In recent years, through the development of three-dimensional (3D) printing technology, 3D‐printed parts have been used in various industries, such as medical equipment and robotics. Various 3D printing methods have been developed. Today, a 3D printer can be used even in precision parts, such as bolts and bearings. In this study, journal bearings are manufactured by a 3D printer to evaluate friction performance and self-lubricating performance. The journal bearings are fabricated using two types of 3D printing method: fused deposition modeling (FDM) and selective laser sintering (SLS). The specimens manufactured by FDM are produced by plastic materials with three-layer thicknesses. Nylon-based materials and aluminum-based materials are used to fabricate the SLS specimen. Micropores are created in the specimens during the printing process. Therefore, the self-lubricating performance can occur by micropores. The experimental setup is designed and constructed to evaluate the friction performance by varying rotational speed and the radial load. Through this study, the self-lubricating performance and friction performance of 3D-printed journal bearings are evaluated, and proper operating conditions for 3D-printed bearings are suggested.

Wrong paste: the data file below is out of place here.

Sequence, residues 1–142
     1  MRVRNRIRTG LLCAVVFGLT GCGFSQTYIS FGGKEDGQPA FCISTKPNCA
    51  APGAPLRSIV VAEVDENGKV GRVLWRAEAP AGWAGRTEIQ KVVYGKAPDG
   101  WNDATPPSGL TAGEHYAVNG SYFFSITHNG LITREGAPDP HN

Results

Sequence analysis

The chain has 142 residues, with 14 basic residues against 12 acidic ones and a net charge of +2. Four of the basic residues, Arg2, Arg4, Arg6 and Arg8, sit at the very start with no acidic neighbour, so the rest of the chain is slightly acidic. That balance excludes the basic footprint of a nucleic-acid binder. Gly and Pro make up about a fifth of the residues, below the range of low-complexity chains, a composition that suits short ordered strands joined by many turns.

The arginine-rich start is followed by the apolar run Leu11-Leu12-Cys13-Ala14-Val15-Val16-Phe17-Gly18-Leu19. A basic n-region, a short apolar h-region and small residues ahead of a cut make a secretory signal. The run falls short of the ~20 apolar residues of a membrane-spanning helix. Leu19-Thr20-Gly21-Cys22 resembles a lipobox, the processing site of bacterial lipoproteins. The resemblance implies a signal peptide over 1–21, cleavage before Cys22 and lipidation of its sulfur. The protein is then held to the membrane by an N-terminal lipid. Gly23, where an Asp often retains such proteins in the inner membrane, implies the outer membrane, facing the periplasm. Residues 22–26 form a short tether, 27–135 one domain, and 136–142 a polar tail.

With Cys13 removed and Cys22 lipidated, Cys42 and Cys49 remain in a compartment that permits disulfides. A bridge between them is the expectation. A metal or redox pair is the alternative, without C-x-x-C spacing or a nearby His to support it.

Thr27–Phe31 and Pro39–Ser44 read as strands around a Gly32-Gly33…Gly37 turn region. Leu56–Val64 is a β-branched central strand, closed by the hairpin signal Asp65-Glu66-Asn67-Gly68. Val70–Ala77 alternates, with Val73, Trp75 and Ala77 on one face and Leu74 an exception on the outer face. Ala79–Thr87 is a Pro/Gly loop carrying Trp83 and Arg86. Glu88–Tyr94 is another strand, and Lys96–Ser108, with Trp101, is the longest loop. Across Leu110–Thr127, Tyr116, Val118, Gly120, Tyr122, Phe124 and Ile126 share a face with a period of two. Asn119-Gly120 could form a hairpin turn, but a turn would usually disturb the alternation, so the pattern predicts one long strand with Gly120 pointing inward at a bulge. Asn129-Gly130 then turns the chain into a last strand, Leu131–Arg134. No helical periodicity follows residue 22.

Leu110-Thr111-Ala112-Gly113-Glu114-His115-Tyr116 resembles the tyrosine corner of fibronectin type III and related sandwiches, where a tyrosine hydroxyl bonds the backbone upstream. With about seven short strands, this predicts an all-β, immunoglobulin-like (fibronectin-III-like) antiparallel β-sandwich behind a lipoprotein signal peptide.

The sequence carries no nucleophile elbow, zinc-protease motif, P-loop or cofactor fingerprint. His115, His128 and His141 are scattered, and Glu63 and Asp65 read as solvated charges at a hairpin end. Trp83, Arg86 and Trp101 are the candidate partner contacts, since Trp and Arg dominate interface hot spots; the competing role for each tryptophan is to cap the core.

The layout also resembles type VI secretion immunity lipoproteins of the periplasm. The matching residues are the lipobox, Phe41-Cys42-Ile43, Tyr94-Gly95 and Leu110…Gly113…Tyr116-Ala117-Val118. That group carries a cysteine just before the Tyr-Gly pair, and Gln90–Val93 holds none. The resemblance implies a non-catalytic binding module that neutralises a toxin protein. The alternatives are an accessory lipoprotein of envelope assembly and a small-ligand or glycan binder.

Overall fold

Self-Lubricating and Friction Performance of a Three-Dimensional-Printed Journal Bearing
Contributed by the Tribology Division of ASME for publication in the JOURNAL OF TRIBOLOGY. Manuscript received December 15, 2017; final manuscript received April 12, 2018; published online May 14, 2018. Assoc. Editor: Yi Zhu.
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Lee, Y., Lee, K., and Lee, C. (May 14, 2018). "Self-Lubricating and Friction Performance of a Three-Dimensional-Printed Journal Bearing." ASME. J. Tribol. September 2018; 140(5): 054501. https://doi.org/10.1115/1.4039995
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